In recent times, the countries of Eastern Central Europe have also set themselves apart from their eastern neighbors. The new dividing line can be identified by the new east and south borders (which coincide with the respective borders of the new EU states - Poland, Hungary, etc.) of the EU. The core area of ​​Eastern Central Europe are the countries of the Visegrád Group (Poland, Slovakia, the Czech Republic and Hungary). Their development towards EU accession became apparent earlier. In these states, a willingness to reform began within the socialist parties in the 1980s. In this way u. a. the Polish Solidarność gain a foothold. In Hungary, the reform policy (around Gyula Horn ) led to the lifting of the Iron Curtain . The rough border of East Central Europe is the (eastern) 24th degree of longitude. In his famous Berlin – Moscow report . Wolfgang Büscher writes a trip on foot :

    “The East is something that nobody wants. ... If I asked in Brandenburg where the East begins, the answer was: over in Poland, of course. When I asked in Poland, they said: The East begins in Warsaw, well, basically Warsaw is one of them. I was assured that western Poland and eastern Poland really couldn't be compared, that was something completely different, I'll see when I'm east of Warsaw. Another world - more provincial, poorer, dirtier. Just east. Ostig, as we say at home. Zonig. East of Warsaw, the answer was again beyond doubt: just up the road to Białystok. Everything to the left of her, to the west, is Catholic, and therefore well Polish. What is to her right is Belarusian Orthodox. "

    - Wolfgang Büscher

    Research institutes with a focus on East Central Europe

    East Central Europe was the central research topic of East Research . The important researchers included a. Karl Valentin Müller , Eugen Lemberg and the historian Hermann Aubin . Important research institutions were the Charles University in Prague and the Collegium Carolinum .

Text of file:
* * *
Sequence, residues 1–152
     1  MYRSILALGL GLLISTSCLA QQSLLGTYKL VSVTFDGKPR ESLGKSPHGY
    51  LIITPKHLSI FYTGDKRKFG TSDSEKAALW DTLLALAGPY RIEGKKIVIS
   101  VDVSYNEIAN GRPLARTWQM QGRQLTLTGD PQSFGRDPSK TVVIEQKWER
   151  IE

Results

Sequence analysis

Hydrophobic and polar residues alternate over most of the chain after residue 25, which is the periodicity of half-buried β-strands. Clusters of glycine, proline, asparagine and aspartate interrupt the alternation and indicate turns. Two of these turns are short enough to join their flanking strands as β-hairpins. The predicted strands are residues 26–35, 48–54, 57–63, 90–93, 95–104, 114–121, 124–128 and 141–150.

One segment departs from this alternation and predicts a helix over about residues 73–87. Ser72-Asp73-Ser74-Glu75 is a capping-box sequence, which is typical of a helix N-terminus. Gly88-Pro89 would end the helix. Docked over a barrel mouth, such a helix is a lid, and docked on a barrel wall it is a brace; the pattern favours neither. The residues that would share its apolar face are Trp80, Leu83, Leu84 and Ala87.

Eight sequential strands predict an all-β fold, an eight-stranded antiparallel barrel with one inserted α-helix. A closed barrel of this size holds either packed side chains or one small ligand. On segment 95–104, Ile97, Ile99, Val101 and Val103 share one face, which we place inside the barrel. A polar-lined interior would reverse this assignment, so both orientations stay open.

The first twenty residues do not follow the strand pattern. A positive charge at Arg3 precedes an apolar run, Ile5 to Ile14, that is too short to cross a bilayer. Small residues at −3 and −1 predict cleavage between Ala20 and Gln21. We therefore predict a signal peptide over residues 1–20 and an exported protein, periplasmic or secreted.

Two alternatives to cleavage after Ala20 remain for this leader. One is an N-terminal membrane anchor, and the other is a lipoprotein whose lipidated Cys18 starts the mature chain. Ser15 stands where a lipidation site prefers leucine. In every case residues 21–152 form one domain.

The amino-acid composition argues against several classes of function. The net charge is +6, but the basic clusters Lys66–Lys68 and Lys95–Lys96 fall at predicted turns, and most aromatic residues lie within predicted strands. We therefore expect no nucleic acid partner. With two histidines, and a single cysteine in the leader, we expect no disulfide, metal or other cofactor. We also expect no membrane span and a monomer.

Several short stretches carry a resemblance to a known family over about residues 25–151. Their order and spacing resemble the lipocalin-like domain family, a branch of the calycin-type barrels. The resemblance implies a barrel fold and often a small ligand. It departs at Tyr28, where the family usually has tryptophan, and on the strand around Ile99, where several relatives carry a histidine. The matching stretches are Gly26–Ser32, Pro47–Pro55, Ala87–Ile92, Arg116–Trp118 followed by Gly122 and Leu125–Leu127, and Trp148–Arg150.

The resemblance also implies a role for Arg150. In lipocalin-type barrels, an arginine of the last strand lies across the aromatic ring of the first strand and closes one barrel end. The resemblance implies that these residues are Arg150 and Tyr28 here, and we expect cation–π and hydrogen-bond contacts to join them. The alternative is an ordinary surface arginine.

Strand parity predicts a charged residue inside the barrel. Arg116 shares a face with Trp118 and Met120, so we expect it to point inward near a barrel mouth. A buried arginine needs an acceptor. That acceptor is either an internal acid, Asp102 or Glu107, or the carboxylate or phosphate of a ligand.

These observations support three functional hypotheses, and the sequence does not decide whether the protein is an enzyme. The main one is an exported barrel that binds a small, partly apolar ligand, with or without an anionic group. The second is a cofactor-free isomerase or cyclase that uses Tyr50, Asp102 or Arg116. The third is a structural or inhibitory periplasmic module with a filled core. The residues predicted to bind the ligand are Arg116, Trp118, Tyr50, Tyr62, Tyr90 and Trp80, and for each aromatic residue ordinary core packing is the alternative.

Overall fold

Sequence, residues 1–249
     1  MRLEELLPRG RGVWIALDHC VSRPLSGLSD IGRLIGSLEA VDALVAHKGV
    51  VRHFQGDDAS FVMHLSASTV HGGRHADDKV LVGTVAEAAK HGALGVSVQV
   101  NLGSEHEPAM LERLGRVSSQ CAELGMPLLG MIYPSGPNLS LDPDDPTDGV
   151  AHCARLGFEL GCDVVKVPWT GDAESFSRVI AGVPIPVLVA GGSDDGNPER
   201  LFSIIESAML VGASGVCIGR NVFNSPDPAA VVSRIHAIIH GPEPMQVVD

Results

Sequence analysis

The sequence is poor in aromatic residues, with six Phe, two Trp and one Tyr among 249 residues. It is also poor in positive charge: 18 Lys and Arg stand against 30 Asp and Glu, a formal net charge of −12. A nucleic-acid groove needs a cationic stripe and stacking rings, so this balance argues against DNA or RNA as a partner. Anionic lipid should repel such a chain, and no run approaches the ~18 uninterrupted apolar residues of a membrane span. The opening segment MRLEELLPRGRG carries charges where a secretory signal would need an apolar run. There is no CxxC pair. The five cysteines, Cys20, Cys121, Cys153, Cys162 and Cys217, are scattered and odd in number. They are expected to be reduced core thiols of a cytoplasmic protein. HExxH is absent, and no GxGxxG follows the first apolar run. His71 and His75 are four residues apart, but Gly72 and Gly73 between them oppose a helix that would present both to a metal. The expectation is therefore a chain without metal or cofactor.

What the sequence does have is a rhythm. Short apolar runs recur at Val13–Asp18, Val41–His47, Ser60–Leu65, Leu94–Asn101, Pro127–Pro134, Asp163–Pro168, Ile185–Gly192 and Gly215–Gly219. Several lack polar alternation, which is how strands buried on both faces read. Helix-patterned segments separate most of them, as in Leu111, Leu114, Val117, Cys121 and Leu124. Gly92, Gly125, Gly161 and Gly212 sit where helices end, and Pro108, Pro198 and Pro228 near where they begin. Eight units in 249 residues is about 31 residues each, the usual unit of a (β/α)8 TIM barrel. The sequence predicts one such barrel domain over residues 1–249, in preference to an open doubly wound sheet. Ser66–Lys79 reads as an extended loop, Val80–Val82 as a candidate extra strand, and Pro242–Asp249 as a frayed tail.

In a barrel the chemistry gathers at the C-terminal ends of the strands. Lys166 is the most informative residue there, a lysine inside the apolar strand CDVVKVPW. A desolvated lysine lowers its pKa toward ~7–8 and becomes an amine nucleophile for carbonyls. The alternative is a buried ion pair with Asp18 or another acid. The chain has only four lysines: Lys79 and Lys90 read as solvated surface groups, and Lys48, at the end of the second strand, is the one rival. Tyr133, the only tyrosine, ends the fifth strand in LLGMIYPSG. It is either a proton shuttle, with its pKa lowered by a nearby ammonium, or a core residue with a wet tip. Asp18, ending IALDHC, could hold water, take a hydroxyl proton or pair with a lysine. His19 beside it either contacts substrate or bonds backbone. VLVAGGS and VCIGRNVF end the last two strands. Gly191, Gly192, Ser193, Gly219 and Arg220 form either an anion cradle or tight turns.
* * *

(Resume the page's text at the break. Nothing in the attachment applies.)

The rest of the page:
See also




    Monographs and edited volumes

    In chronological order

    • Oskar Halecki : Border area of ​​the Occident. A history of East Central Europe. Müller, Salzburg 1952 (English original title: Borderlands of western civilization. ).
    • Oskar Halecki: Europe, borders and structure of its history. Gentner, Darmstadt 1957 (English original title: The Limits and divisions of European history. ).
    • Werner Conze : East Central Europe. From late antiquity to the 18th century. Beck, Munich 1992, ISBN 3-406-35985-X (2nd, unchanged edition, ibid 1993).
    • Ferenc Glatz: Minorities in Eastern Central Europe. Historical analysis and a political code of conduct. Europa Institut, Budapest 1993, ISBN 963-8312-05-X .
    • Jenö Szücs: The three historical regions of Europe. 2nd Edition. New Critique Publishing House, Frankfurt am Main 1994, ISBN 3-8015-0240-6 .
    • Hansjürgen Brachmann (Ed.): Castle - Castle Town - City. On the genesis of medieval non-agricultural centers in Eastern Central Europe (= research on the history and culture of Eastern Central Europe. Vol. 2). Akademie-Verlag, Berlin 1995, ISBN 3-05-002601-4 .
    • Jerzy Kłoczowski: East Central Europe in the historiography of the countries of the region. Institute of East Central Europe, Lublin 1995, ISBN 83-85854-14-2 .
    • Hugo Weczerka (Hrsg.): Estates and sovereignty in East Central Europe in the early modern period (= historical and regional studies of East Central Europe. Vol. 16). Herder Institute, Marburg 1995, ISBN 3-87969-237-8 .
    • Joachim Bahlcke (Hrsg.): Freedom of the classes and state formation in East Central Europe. Supranational similarities in political culture from the 16th to the 18th century (= research on the history and culture of eastern Central Europe. Vol. 4). Universitäts-Verlag, Leipzig 1996, ISBN 3-931922-23-5 .